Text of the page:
Wednesday, September 8, 2021
The Pima County Board of Supervisors passed multiple policies meant to curb the spread of COVID in Pima County on Tuesday, Sept. 7.
Supervisor Heinz withdrew his proposal to require all healthcare workers in Pima County to be vaccinated against COVID. The Board received multiple letters and public comments in opposition to the proposed mandate.
But the Board of Supervisors voted 4-1, with Supervisor Steve Christy opposed, to pass disincentives for unvaccinated employees.
Disincentives will include mandatory weekly COVID testing, taking away healthy lifestyle discounts for employees’ healthcare plans, and an additional $25.51 pay period surcharge to employee healthcare plans.
“I’m against any type of disincentives for employees. I really think this is opening up liability to no end,” said Supervisor Christy, who warned disincentives could lead to a hostile work environment.
Supervisor Adelita Grijalva quickly responded to Christy’s concerns by saying disincentives and vaccinations foster a safe work environment. Grijalva said there are some employees who can’t receive the vaccine and they need to be protected as well. County employees can submit a vaccine exemption form for medical and religious purposes.
At its Aug. 16 meeting, supervisors passed incentives for employees to get vaccinated, including a $300 bonus and three paid days off.
Huckelberry said there has been an increase in county employee vaccinations since the incentives passed. Only 43% of county employees were vaccinated before the incentives were enacted and employee vaccinations have now risen to 66% since Aug. 16.
Supervisor Grijalva said she was worried only 30% of the Sheriff’s Department is vaccinated.
Supervisor Rex Scott asked Pima County Administrator Chuck Huckelberry to create an anonymous survey of the remaining employees who may be vaccine-hesitant or resistant.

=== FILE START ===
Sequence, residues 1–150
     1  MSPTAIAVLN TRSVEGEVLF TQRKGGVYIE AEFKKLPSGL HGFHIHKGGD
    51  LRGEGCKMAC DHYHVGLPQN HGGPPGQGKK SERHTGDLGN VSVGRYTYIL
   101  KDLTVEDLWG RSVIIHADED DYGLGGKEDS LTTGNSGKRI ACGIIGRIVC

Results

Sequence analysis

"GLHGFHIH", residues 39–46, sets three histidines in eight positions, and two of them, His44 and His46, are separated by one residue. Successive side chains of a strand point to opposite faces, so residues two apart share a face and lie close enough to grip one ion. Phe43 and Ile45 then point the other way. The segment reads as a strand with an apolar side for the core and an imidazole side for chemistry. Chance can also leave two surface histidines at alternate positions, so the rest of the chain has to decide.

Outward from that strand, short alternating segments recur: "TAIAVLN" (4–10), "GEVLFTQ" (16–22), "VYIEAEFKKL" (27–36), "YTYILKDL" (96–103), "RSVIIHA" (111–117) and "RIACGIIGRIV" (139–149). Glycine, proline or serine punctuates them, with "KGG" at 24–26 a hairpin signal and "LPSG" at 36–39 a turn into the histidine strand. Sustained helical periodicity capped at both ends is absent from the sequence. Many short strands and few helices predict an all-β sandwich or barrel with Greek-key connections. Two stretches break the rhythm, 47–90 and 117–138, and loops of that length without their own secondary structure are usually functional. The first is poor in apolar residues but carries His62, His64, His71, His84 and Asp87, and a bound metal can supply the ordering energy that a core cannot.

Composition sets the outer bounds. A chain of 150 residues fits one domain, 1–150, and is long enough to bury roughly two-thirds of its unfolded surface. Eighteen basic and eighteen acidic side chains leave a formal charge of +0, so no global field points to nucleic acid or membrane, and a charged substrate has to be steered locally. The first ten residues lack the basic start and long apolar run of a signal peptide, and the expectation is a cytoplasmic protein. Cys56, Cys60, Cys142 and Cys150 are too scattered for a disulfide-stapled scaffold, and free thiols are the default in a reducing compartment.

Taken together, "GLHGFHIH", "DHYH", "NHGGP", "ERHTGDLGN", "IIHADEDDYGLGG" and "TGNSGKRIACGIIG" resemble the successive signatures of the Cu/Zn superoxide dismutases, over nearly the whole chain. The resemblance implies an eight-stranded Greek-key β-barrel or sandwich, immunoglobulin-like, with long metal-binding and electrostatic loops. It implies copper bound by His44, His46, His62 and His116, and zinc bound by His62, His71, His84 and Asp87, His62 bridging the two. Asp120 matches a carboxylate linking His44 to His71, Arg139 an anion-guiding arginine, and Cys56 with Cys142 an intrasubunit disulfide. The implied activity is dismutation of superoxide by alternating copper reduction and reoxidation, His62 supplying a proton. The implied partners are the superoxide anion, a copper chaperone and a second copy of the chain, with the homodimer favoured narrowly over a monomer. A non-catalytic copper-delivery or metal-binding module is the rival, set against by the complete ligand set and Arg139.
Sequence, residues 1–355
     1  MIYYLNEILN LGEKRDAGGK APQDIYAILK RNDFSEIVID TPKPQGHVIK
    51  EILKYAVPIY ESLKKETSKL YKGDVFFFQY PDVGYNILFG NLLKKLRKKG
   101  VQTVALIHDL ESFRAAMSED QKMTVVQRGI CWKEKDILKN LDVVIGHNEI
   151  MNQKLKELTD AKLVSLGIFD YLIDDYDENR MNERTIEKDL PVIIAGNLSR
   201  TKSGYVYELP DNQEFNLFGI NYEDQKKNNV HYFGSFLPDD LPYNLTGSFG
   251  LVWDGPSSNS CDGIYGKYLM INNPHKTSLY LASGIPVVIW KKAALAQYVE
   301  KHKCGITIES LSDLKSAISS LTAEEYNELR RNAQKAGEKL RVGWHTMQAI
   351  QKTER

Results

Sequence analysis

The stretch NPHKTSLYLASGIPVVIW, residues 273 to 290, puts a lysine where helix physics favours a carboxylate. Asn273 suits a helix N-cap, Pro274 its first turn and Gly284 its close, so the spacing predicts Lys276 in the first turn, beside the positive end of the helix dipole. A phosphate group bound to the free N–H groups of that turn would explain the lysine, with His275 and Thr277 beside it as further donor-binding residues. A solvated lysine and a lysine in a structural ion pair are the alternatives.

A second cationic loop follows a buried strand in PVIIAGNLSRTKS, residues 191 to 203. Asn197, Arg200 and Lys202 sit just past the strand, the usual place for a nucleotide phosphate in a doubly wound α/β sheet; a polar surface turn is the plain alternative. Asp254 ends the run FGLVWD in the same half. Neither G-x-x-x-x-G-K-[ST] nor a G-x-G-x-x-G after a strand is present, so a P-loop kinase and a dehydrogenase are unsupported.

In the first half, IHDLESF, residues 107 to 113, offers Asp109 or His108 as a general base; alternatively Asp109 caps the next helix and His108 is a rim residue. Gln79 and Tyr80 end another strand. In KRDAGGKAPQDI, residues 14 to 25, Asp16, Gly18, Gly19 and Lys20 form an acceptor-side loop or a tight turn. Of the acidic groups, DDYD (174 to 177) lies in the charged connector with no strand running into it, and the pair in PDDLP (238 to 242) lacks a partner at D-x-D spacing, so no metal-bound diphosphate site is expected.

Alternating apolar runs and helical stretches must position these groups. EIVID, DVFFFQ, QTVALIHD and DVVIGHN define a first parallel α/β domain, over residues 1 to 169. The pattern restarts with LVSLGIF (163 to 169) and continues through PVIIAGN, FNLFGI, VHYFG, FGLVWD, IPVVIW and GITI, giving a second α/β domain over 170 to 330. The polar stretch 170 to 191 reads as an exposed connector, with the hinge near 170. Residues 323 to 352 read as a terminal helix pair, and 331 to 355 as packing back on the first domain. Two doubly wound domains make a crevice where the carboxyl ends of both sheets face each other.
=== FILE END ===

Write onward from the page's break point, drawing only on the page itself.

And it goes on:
“This board voted not to mandate vaccines, but if we are going to put incentives and disincentives in place and neither of those are having the desired effect on the vaccine-hesitant or resistance, we as a board need to know the reasons why,” Scott said.
Board provides funding to domestic violence prevention
The Board unanimously passed a resolution to provide the Emerge! Center Against Domestic Abuse emergency shelter with $1 million to double their shelter capacity.
The Emerge! Center Against Domestic Abuse combats domestic violence in Pima County by providing services and shelters to individuals who live in abusive environments.
“COVID has had a particularly devastating impact on victims of domestic violence as incidents of abuse have risen, while the ability to reach out for help has been severely hampered by the increased amount of time victims and their abuse partners are at home together as well as the real fear of contracting the virus in pursuit of safety,” Pima County Behavioral Health Director Paula Perrera told Huckelberry in a memo.
Emerge! currently has 51 beds in their communal facility, which makes it difficult to mitigate the spread of COVID-19. According to Perrera’s memo, this forced Emerge! to move shelter participants into hotel rooms. The Board’s $1 million will help Emerge! reach its renovation goal of $3.5 million for new rooms and increased capacity. Increased capacity would help mitigate COVID within the Emerge! shelter and end the need for hotel contracts.
The Board passed another proactive COVID measure by voting 4-1 to establish a four-month contract of more than $2 million with Jot Properties to shelter COVID-positive asylum seekers.
This contract would provide a hotel in Pima County for asylum seekers to quarantine and receive medical care before continuing to travel in the United States. Funding would be provided by federal dollars from the Shelter Board National Program related to the American Rescue Plan Act passed earlier this year by Congress.
“Securing an entire facility will limit potential COVID-19 exposure to uninfected individuals, facilitate improved care and case management, and provide necessary and safe housing for individuals that would otherwise be in congregate care settings,” Pima County Health Department Director Dr. Theresa Cullen told Huckelberry in a memo.
Scott said this contract was an important public health measure that would protect Pima County from increased COVID exposure.
“A local government that is seeking to protect the public they serve and people who are here legally have not gone off the rails, as some have asserted,” Scott said. “Rather, it is acting to fulfill its fundamental duty.”